Well I spent last week attending the Australian Historical Association (AHA) conference at the University of Queensland in Brisbane. The University has changed a lot since my time there. It was five days of history, catching up with friends, networking, social events and library visits. I am not going to attempt to summarise even the sessions I attended as there were 14 streams over the five days with a choice of 8-9 sessions in each stream most days plus the plenary sessions. In fact some days it was hard to decide which sessions to attend and as some of the buildings were quite distant from each other it was not always possible to change streams during a session. The AHA has published the abstracts of all the papers online here.
There was a strong emphasis on WW1 history but I tended to go to colonial history sessions. Lynette Stewart’s paper on a murder her ancestor was involved with was interesting and I am looking forward to reading her book Blood Revenge: Murder on the Hawkesbury 1799 when it is published later this year by Rosenberg Publishing. On a similar theme I went to Meredith Walker’s talk on The Murdering Creek Massacre: Family Stories, Veracity and Context. When we were looking for our new home we drove past Murdering Creek many times (off the Sunshine Coast motorway) so it was good to learn the history. Another session I enjoyed was Well Behaved Women Seldom Make History and this was a good chance to catch up with Melbourne friend Dr Liz Rushen. A Brisbane friend I caught up with was Niles Elvery and his paper on Researching the First World War Conflict at the Queensland State Archives showed how much material may be in places that you don’t immediately think of.
Also part of the conference was a one day seminar hosted by the Professional Historians Association Queensland Branch (PHAQ). This started with a white gloves tour of the John Oxley Library (JOL), State Library of Queensland. I was very impressed with their new (to me) surroundings and it was certainly a long way (although just across the river) from where I first started working at the JOL in early 1982. From there it was a bus trip out to the University and I must say that I am impressed with Brisbane’s underground busways and bus stations. No wonder I didn’t see that many buses on the road.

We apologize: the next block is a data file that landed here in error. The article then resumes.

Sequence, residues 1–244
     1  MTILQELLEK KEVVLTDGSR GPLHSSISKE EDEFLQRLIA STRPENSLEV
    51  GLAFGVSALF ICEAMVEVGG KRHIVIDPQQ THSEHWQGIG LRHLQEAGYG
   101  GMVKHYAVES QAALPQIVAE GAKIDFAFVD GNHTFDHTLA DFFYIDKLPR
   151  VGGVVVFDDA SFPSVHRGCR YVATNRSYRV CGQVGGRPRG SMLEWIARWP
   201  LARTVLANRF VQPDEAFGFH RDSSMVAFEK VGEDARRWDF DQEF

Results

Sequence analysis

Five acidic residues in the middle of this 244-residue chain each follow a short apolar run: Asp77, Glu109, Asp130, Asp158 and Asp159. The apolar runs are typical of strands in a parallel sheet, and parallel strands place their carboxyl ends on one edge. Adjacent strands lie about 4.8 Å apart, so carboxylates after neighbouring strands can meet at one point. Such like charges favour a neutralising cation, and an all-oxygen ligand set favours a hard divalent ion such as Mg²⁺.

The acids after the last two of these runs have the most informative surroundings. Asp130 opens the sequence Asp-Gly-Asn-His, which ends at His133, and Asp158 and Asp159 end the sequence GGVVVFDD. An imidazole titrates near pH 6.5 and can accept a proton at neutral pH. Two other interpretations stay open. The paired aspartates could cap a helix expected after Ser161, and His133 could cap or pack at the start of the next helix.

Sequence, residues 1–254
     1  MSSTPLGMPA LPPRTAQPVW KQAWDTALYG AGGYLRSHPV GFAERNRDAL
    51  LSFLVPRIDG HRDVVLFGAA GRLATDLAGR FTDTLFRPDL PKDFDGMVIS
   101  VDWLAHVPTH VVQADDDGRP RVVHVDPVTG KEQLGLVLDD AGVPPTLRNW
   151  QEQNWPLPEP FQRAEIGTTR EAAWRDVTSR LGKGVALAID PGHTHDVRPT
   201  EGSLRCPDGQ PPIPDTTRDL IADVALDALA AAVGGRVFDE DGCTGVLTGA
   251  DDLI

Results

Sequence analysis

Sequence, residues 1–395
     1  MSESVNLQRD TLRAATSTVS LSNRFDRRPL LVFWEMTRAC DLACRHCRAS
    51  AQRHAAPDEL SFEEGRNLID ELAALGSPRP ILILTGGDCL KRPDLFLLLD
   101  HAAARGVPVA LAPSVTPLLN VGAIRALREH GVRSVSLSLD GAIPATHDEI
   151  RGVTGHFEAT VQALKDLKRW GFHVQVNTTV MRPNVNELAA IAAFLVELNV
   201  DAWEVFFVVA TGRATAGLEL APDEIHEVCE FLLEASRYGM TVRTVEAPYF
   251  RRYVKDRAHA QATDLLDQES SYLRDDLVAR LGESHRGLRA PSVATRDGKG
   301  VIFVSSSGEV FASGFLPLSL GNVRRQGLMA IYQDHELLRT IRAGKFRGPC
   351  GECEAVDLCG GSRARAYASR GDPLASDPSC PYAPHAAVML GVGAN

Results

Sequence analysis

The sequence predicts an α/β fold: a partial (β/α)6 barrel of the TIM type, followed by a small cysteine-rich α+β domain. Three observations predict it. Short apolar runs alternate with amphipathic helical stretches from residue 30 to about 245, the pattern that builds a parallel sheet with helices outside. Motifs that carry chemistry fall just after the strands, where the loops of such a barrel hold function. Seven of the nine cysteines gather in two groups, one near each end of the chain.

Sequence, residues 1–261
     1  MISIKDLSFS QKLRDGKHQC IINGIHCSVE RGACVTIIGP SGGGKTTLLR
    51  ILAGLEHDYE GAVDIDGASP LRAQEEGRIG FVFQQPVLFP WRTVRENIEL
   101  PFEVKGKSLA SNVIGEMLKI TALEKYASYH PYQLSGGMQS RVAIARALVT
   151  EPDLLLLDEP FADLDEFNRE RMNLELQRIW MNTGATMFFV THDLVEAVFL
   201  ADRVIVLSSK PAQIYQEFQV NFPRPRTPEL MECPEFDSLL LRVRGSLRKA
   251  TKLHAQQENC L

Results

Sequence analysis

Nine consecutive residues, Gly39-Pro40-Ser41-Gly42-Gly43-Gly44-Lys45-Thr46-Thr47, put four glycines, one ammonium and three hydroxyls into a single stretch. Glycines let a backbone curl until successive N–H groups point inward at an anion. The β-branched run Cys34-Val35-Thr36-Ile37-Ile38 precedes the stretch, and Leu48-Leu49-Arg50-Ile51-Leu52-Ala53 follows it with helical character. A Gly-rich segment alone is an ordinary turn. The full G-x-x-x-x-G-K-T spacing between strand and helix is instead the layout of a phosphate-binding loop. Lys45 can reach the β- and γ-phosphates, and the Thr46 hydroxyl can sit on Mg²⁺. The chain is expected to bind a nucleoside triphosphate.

Again lots of interesting sessions but I particularly enjoyed the talks on the Special Collections Library at James Cook University and the Capricornia Collection at Central Queensland University. I also liked Greg Cope from the National Archives of Australia Brisbane office speaking about Queensland’s Hidden History in the Archives. He also gave out a paper copy of his presentation so lots to follow up there. At lunch time I did a walking tour of the University’s Great Court buildings and attendees were given a copy of the Brisbane History Group‘s 1998 St Lucia Campus Heritage Tour booklet.
At the end of the sessions we had a white gloves tour of the Fryer Library again with a WW1 military theme. So many treasures in these special collections held by university libraries across Australia. I also picked up a few of the old Fryer magazines as they have interesting articles on various parts of the collection. Then it was a quick taxi trip into the CBD and Old Government House for the launch of the PHA‘s Circa: the Journal of Professional Historians. Wine, cheese and other nibbles were most welcome before we then went on a tour of parts of Old Government House which has been substantially restored since I last saw it.
The catering over the five days was impressive with lots of delicious morning and afternoon teas and substantial lunches. Probably just as well I had to do so much walking from the car park, to and from buildings and up and down stairs each day to get to the food area. The noise level at break times was amazing but it highlighted just how many people were catching up with each other and discussing the sessions. I took the opportunity to talk to two of my favourite history bloggers. Marion Diamond (one of my Australian history lecturers from way back when) now writes Historians Are Past Caring which I try to read on a regular basis. Marion has also written about the AHA conference and you can read it here.
Another person I follow on Twitter and whose blog I read regularly is Yvonne Perkins (or Perkinsy as I think of her tag). I was watching her tweet during the conference and I wished for two things – that my fingers moved as fast and that my Twitter app on my phone had not died. I need to get a new more modern phone but I did miss reading her tweets live. But you can catch up with them here – the Twitter tag was #OzHA2014 and other people tweeted too. Since the conference Yvonne has also done a number of posts on her Stumbling Through the Past blog (where does she find time) but the main one on the conference is here.
Of course I can’t go anywhere without buying a book or two. There was quite a bit of temptation but I couldn’t go past Mark Pearson’s Blogging & Tweeting Without Getting Sued: A Global Guide to the Law for Anyone Writing Online and Matthew Ricketson’s Telling True Stories: Navigating the Challenges of Writing Narrative Non-Fiction, both published by Allen & Unwin.
It was a pretty full on five days and some lecture rooms had more comfy seats than others. I am glad I made the decision to go and it is my first AHA conference for quite a few years (I think the last one was Armidale). Catching up with people I knew from Brisbane, Melbourne and Canberra was great and meeting more PHAQ members was good and I hope to get to more of their functions now that I am back in Queensland. Having Mum’s place to stay in Brisbane was handy and cheaper. The 2015 conference will be in Sydney but I won’t be able to go as I will be on the Unlock the Past Baltic cruise! Maybe the year after will be an option and if not there are always the blogs and tweets to keep us informed.